Designing protection controls requires collaborative effort by device vendors, operators, and service providers. The detection and prevention methods have proven inadequate by the frequency and magnitude of relentless cyberattacks on corporations, citizens, and public utilities. The people, process and technology checklist requires rethinking, because the cybercrime syndicate has sophisticated tools and methods in their arsenal. This is an infinite game of will and resources, and the rules of the game must be changed to stay protected.

Embracing digital transformation

Since a counteroffensive based on a mutually assured destruction strategy may amount to a suicide pact with anonymous nation-state adversaries, the only rational alternative is to embrace digital transformation with lessons learned from unwise cyber.

Let’s decipher the core elements of the executive order. It calls for:

  • Modernizing infrastructure with a zero-trust architecture for damage-control on compromise
  • Migration to “as a service” cloud models (IaaS, PaaS, SaaS) for improved governance and data analytics
  • Multi-factor authentication and encryption for data at rest and in transit
  • Rapidly enhancing software supply chain security for integrity of critical software
  • Attesting to the integrity and provenance of open-source software components in the software bill of materials (SBOM)
  • Developing new standards to achieve compliance
  • Public awareness of the security capabilities of Internet of Things (IoT) devices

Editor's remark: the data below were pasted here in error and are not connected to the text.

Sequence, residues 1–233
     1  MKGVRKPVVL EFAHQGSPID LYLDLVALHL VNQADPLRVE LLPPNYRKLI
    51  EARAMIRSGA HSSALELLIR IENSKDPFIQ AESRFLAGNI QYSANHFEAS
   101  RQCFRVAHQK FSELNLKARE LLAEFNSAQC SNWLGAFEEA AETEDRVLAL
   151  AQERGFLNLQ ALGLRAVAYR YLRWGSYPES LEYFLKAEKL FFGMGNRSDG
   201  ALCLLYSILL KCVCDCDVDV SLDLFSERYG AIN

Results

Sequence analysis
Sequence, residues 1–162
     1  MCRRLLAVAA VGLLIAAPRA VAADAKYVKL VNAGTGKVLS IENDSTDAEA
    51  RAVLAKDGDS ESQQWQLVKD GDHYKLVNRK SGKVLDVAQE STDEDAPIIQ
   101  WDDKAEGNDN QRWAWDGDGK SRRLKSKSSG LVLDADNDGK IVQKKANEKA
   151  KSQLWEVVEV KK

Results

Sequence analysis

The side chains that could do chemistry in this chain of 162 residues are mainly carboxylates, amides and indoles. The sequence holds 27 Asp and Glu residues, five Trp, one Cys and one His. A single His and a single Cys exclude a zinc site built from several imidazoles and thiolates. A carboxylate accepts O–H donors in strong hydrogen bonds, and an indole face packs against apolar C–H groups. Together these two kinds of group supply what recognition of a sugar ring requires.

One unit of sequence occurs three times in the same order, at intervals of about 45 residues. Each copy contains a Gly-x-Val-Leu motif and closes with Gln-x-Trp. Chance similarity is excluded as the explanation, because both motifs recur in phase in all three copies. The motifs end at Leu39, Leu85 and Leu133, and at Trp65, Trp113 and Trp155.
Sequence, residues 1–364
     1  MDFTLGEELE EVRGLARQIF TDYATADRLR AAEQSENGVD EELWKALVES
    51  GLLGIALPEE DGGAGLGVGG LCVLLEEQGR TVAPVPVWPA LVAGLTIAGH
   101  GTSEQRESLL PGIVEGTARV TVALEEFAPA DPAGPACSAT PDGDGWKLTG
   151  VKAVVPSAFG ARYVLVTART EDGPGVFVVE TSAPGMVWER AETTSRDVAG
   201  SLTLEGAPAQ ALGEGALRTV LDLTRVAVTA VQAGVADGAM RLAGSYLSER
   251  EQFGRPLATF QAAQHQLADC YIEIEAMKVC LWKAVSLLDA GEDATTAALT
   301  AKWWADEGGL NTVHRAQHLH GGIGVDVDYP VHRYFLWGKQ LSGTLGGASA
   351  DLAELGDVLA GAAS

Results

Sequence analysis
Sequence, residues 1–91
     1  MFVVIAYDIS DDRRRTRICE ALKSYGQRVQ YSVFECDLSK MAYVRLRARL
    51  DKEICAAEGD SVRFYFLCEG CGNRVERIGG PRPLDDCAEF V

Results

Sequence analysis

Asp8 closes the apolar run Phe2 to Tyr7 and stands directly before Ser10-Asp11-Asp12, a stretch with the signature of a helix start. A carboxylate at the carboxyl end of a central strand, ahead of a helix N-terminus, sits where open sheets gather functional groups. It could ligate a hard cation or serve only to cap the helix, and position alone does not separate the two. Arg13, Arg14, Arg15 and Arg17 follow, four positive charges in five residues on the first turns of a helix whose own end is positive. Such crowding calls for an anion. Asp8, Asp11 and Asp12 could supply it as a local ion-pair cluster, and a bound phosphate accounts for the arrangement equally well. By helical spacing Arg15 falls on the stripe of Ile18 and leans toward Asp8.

• Identifying IoT cybersecurity criteria for labeling schemes manufacturers can use to inform consumers about the security of their products
  • Ways to incentivize manufacturers and developers to participate in pilot education programs

These are truly noble intentions but unfunded mandates on an unrealistic timeline with a limited local scope – because cyber is a global supply chain marketplace from the silicon mezzanine to hosted cloud services.

Protection in the era of IT/OT convergence

However, the fundamental principles and objectives are commendable. User credentials are cracked to infiltrate continuously monitored operational systems and devices and seize data (for exfiltration or extortion). For digital technology officers and product security architects of operational technology (OT) systems, from the lessons learned from traditional information technology (IT) security controls, this call to action translates (in technical parlance) to: